Authorisation application fees: consumer credit

Find out about the non-refundable fee consumer credit firms have to pay when applying for authorisation.

We are funded by the firms we regulate through fees. We aim to cover our costs in a way that is as fair and efficient as possible, and we consult on our fees each year.

The fee that a firm wanting to offer consumer credit has to pay when it applies for authorisation depends on its ‘consumer credit income’ (PDF, 2 pages) and whether it will need limited or full permission.

The table below sets out the application fee firms have to pay when they apply to be authorised to offer consumer credit.

You can find out what the categories 'straightforward', 'moderately complex' and 'complex' mean in our revised proposals on consumer credit application fees (PDF, 7 pages) in the CP13/14 supplement.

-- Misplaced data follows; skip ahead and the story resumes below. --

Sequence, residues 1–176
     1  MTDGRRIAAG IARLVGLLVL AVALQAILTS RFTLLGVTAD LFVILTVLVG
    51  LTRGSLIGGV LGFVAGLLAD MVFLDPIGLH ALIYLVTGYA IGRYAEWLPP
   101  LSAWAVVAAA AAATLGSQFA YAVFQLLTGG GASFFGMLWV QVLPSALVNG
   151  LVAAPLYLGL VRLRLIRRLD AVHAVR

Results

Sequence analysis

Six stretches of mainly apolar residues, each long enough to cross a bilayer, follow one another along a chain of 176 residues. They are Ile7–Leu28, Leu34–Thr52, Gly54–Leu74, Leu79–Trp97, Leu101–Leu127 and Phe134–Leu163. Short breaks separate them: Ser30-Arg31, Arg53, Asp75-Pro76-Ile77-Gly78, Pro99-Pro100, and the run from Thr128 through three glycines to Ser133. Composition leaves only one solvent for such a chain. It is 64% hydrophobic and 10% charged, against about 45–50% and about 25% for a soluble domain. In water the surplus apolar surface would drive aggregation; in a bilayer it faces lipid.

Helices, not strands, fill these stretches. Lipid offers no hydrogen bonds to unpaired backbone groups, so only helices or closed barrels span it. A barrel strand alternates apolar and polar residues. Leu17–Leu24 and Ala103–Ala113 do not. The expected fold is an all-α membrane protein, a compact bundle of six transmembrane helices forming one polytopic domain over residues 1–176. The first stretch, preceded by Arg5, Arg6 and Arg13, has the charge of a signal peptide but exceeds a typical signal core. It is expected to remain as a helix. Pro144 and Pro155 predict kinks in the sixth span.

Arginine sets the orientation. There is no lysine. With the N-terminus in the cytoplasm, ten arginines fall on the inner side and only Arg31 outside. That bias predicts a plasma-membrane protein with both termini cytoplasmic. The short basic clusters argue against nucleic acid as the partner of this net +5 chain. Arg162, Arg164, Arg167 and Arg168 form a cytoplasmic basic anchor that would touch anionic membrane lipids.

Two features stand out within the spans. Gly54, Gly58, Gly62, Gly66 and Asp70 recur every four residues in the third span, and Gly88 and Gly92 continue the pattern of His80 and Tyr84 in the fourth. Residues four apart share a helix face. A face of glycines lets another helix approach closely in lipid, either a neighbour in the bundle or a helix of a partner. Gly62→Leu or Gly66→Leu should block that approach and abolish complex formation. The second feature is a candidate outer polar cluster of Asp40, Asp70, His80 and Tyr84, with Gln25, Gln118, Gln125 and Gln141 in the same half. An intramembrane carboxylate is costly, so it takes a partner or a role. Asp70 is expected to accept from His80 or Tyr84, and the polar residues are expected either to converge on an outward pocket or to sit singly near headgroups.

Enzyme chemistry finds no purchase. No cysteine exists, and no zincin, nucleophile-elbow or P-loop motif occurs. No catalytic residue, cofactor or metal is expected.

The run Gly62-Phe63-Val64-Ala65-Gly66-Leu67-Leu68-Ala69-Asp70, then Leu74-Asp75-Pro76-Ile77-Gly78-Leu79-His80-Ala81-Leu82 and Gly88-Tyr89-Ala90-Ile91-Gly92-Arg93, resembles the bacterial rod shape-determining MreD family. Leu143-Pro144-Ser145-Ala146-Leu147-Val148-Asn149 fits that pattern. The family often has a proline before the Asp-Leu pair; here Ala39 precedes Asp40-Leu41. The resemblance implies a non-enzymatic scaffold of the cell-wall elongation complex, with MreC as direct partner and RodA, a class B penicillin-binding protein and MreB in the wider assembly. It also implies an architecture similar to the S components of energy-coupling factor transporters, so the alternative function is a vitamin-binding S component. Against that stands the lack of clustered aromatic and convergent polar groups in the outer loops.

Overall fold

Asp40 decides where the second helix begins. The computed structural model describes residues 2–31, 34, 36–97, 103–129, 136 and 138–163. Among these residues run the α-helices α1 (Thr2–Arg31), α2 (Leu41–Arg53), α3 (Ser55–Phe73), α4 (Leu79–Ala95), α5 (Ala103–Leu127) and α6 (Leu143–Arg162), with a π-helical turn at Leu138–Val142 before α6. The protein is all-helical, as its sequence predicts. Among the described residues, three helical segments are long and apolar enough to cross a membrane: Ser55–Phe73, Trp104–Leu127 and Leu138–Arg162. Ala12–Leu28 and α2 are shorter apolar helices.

Note: the application fees mentioned in CP13/14 supplement are out of date and you should use the information in the table below. We have also combined the category 'very complex' with 'complex'.

Limited permission application

Firms with consumer credit income up to £50,000

£100

All other firms

£500

 

Full permission application

Consumer credit income

Up to £50k

Over £50k to £100k

Over £100k to £250k

Over £250k to £1m

Over £1m

Straightforward

£600

£750

£1,000

£1,500

£5,000

Moderately complex

£800

£1,000

£1,500

£5,000

£10,000

Complex

£1,000

£1,250

£2,000

£7,000

£15,000

 

Other

Credit unions or community finance organisations

£200

Not-for-profit debt advice body

Nil

Annual fees

Once a firm is authorised it has to pay an annual fee (or 'periodic fee') each year.

A firm with interim permission does not have to pay an annual fee for consumer credit until it becomes authorised for these activities.

 

Step 4: Preparing to make an application